Julius Rosenberg and Politics of Fear

Julius RosenbergI’ve never been a good team player. If the side I’m pulling for commits a foul, I call it. Affinity doesn’t mean a great deal to me. That’s why people tend to see me as a political radical. I don’t see any reason to accept our political Overton Window. Indeed, if the Republican Party were not totally insane and divorced from reality, I wouldn’t be a Democrat. But that doesn’t much matter, given that I’m also not much of a partisan except in the sense that the Republicans basically never have any good ideas and the Democrats do.

I wasn’t born this way, of course. But like most people (I think), I was born not liking to be lied to. And all through grammar school, I was lied to. I used to be a true believer in what America stands for. But my disappointment came not because things were more complicated than young minds could understand. My disappointment came about because those in power don’t even try to live up to our ideals. It doesn’t matter if you look at Nazi Germany or Stalin Russia or 1984, the power elites are interested in one thing and one thing only: power and power and more power. I accept that. But no country’s power elite has ever made such a big show of only being interested in the ordinary folk.

Since we are nominally a democracy, it’s important to keep the people focused off what is actually keeping them down and focused on something else. Usually these things are real, just not that important. We saw just such a thing last week where 60 Minutes got the nation to weep for BP because a couple of unscrupulous small businesses conned them out of a couple of bucks. And of course, the Republicans have Benghazi! for all their followers. But the general approach is just to keep the people afraid.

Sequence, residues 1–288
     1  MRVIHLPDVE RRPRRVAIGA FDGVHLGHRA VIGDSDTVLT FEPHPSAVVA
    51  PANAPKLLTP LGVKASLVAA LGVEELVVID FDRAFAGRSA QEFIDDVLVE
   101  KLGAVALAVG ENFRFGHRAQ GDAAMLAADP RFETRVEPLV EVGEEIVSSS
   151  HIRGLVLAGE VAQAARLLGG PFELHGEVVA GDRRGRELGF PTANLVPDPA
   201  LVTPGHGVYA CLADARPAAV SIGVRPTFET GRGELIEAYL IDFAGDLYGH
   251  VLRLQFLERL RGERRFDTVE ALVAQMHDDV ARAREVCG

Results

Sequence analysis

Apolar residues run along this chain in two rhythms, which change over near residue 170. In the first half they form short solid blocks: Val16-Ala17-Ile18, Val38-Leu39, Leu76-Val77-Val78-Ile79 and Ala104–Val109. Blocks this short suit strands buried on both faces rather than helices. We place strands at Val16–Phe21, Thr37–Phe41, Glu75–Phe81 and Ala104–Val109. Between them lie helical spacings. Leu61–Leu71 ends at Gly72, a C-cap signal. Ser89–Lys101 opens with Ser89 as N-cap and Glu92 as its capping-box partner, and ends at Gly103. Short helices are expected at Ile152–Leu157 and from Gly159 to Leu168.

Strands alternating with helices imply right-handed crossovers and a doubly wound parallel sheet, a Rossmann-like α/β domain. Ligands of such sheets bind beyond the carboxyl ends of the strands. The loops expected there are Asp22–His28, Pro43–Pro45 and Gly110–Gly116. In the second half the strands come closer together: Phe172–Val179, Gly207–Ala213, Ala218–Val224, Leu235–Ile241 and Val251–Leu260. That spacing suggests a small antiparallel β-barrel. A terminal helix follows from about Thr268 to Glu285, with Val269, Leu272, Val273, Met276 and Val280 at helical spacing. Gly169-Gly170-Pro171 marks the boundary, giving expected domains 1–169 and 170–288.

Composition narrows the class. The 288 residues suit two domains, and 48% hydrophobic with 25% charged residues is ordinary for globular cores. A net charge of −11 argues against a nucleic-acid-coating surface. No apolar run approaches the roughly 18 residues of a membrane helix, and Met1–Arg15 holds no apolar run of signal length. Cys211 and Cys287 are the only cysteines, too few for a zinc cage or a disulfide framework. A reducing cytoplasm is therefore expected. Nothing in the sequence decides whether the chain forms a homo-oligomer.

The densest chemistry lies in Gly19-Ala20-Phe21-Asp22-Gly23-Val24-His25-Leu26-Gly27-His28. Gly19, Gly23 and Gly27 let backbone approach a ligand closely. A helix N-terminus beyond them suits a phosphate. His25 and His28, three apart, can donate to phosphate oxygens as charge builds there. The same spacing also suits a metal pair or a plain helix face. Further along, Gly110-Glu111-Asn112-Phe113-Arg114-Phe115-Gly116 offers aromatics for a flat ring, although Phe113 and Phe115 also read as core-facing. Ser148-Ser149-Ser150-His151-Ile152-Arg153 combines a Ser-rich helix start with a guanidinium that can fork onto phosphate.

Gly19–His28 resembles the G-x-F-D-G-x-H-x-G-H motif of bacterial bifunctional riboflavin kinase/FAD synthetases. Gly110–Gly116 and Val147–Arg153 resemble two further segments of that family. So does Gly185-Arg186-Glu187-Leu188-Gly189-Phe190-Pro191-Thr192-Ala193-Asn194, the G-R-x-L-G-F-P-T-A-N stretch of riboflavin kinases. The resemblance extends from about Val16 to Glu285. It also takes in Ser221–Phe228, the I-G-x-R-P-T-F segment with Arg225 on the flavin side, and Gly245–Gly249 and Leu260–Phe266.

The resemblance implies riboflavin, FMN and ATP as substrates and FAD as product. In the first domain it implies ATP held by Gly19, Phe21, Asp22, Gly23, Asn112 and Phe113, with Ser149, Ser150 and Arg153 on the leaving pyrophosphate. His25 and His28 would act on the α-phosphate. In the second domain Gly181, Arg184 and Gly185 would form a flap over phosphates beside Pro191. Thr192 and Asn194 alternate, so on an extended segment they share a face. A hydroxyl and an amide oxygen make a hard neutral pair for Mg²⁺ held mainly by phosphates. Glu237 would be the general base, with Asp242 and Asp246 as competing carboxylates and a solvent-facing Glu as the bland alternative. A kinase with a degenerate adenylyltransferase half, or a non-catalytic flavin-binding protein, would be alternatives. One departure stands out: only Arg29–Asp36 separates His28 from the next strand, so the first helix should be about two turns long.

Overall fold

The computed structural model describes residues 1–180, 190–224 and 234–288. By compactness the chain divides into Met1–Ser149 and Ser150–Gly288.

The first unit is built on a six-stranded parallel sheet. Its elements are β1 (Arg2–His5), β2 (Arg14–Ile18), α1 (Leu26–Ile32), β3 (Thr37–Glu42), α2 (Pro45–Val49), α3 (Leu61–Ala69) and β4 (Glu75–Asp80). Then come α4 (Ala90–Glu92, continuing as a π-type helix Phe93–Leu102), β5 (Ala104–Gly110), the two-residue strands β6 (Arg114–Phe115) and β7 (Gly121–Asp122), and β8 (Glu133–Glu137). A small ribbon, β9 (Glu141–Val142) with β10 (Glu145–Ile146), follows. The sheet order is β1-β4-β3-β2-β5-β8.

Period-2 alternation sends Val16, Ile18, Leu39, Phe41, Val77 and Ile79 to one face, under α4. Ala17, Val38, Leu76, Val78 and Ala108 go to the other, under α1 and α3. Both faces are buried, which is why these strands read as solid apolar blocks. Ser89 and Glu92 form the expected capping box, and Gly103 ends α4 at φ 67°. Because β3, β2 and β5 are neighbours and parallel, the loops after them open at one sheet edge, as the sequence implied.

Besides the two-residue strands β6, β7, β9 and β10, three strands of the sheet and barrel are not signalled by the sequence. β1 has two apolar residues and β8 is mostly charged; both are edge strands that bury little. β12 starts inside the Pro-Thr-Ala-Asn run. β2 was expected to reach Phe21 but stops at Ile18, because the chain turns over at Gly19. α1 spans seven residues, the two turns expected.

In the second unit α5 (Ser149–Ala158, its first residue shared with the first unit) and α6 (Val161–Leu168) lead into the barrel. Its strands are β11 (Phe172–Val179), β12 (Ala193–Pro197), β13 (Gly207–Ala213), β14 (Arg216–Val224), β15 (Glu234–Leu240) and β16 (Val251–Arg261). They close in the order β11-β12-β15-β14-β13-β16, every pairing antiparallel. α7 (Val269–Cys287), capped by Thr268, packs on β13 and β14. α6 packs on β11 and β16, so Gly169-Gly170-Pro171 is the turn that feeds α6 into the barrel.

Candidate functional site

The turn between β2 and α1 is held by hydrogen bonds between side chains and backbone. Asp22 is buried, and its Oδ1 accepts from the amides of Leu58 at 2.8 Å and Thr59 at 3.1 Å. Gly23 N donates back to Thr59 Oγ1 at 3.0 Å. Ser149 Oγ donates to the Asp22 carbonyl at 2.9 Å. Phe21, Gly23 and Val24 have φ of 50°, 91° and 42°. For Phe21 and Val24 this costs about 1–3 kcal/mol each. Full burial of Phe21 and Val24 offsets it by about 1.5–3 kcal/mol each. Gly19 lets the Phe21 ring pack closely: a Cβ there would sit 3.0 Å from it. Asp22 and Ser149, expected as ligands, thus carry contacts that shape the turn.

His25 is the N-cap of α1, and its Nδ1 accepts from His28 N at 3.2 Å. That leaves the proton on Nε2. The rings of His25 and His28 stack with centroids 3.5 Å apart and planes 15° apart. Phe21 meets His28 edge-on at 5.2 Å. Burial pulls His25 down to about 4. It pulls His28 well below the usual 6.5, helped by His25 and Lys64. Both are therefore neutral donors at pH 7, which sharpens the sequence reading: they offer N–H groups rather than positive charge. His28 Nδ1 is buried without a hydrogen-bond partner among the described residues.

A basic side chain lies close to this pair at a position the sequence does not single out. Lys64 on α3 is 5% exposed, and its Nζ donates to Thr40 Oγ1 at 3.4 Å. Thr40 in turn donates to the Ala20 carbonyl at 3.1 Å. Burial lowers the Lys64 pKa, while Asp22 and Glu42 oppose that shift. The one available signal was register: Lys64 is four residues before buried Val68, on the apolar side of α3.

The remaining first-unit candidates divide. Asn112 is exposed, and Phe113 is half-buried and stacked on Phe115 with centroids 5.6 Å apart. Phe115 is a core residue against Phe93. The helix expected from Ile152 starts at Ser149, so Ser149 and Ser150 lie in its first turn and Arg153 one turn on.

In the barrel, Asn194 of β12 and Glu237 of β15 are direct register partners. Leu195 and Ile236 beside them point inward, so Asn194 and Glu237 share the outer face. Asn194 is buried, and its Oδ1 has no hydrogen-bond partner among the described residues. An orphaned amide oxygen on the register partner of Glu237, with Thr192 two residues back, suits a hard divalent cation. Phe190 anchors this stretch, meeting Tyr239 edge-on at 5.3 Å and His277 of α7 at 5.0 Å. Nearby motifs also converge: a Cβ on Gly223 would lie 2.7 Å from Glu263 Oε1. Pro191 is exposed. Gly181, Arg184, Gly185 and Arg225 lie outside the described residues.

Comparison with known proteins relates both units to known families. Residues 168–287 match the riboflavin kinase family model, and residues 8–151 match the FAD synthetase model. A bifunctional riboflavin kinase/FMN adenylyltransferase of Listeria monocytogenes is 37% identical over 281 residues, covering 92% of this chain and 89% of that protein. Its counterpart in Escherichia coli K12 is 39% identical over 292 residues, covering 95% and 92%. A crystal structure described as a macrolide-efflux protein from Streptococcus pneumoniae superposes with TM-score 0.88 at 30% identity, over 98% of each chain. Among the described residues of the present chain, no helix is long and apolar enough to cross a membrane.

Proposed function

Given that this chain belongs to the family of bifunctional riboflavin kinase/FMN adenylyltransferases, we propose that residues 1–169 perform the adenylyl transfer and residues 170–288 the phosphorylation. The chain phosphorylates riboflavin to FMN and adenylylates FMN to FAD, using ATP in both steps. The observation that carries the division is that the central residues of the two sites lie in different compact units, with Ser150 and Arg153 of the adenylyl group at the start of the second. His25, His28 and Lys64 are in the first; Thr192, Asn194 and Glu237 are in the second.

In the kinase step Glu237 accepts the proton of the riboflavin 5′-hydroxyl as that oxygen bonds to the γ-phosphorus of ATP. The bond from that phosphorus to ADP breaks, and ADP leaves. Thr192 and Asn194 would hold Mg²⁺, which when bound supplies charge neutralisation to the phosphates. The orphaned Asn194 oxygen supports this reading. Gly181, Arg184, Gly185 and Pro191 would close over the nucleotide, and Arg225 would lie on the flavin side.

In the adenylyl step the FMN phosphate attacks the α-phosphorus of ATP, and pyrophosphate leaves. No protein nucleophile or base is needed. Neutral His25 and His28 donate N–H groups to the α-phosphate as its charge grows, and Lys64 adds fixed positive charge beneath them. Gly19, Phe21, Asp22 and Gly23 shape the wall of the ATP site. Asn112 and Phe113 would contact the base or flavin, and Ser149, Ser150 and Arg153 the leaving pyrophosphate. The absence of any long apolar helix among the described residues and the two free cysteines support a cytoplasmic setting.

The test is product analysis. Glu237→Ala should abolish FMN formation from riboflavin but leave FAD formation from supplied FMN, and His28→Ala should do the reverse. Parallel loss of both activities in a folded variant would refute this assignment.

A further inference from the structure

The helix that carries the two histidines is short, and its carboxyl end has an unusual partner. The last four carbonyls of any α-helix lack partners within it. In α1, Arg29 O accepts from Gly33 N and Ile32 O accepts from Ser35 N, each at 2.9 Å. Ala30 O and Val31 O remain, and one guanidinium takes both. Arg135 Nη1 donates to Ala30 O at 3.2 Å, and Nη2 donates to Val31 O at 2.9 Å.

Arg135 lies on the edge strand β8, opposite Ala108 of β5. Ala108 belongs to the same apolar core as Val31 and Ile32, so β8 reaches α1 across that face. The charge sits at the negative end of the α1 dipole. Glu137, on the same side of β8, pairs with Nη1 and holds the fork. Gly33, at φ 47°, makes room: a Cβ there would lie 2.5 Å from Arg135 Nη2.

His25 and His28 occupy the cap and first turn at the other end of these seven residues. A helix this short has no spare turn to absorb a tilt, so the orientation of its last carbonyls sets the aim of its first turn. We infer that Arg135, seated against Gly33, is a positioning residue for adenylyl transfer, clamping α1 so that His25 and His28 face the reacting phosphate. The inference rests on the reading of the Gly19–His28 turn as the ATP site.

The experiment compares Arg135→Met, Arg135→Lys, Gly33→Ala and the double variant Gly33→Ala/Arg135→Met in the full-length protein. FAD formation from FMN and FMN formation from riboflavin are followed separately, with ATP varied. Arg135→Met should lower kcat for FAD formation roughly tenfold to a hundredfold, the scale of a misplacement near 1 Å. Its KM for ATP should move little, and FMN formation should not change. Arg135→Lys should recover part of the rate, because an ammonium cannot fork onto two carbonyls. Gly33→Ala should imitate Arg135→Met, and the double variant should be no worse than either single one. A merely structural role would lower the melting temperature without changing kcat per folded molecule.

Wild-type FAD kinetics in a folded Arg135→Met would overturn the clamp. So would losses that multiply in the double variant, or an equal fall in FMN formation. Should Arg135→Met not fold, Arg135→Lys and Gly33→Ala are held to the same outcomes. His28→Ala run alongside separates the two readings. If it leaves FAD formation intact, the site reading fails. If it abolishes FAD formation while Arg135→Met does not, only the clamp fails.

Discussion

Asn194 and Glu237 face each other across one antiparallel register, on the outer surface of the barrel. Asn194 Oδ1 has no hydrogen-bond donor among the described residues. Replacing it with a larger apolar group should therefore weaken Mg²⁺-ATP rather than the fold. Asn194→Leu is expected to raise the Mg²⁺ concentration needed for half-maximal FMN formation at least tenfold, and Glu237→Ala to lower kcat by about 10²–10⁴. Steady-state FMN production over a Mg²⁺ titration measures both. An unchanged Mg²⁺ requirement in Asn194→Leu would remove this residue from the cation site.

And that brings us to Julius Rosenberg was was born on this day in 1918. As I said, the things were are supposed to be afraid of usually are bad things. In Rosenberg’s case, he really was a spy for the Soviet Union. The information he leaked caused the Soviet Union get get the atomic bomb anywhere from one year to not at all faster than it would otherwise have. My guess is “not at all.” This was from a period where people in the United States thought the Russians were a bunch of idiots. That was a widely held view until Sputnik.

But Rosenberg was a spy. Why did we kill him? And even more: why did we kill his wife, Ethel? There were lots of people involved in the plot, including the guy who actual stole the documents, David Greenglass. And none of them were killed. Why did we kill the Rosenbergs? Certainly, part of the reason that we killed Ethel was they were trying to use death as leverage to roll over on other people. But it doesn’t appear that there were any other people to roll over on. I think it was all panem et circenses. Killing the married couple—the Jewish married couple—was a great show! It was like a magic trick: look at the commie infiltration in my right hand while I take away your union rights with my left!

I doubt Ethel Rosenberg had anything to do with this plot other than knowing about it. Julius Rosenberg strikes me as a naive man at least as far as what he thought about the Soviet Union. But he was clear-eyed as he waited to die. He wrote:

This death sentence is not surprising. It had to be. There had to be a Rosenberg case, because there had to be an intensification of the hysteria in America to make the Korean War acceptable to the American people. There had to be hysteria and a fear sent through America in order to get increased war budgets. And there had to be a dagger thrust in the heart of the left to tell them that you are no longer gonna get five years for a Smith Act prosecution or one year for contempt of court, but we’re gonna kill ya!”

He was 35 yeras old.

Happy birthday Julius Rosenberg!

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About Frank Moraes

Frank Moraes is a freelance writer and editor online and in print. He is educated as a scientist with a PhD in Atmospheric Physics. He has worked in climate science, remote sensing, throughout the computer industry, and as a college physics instructor. Find out more at About Frank Moraes.

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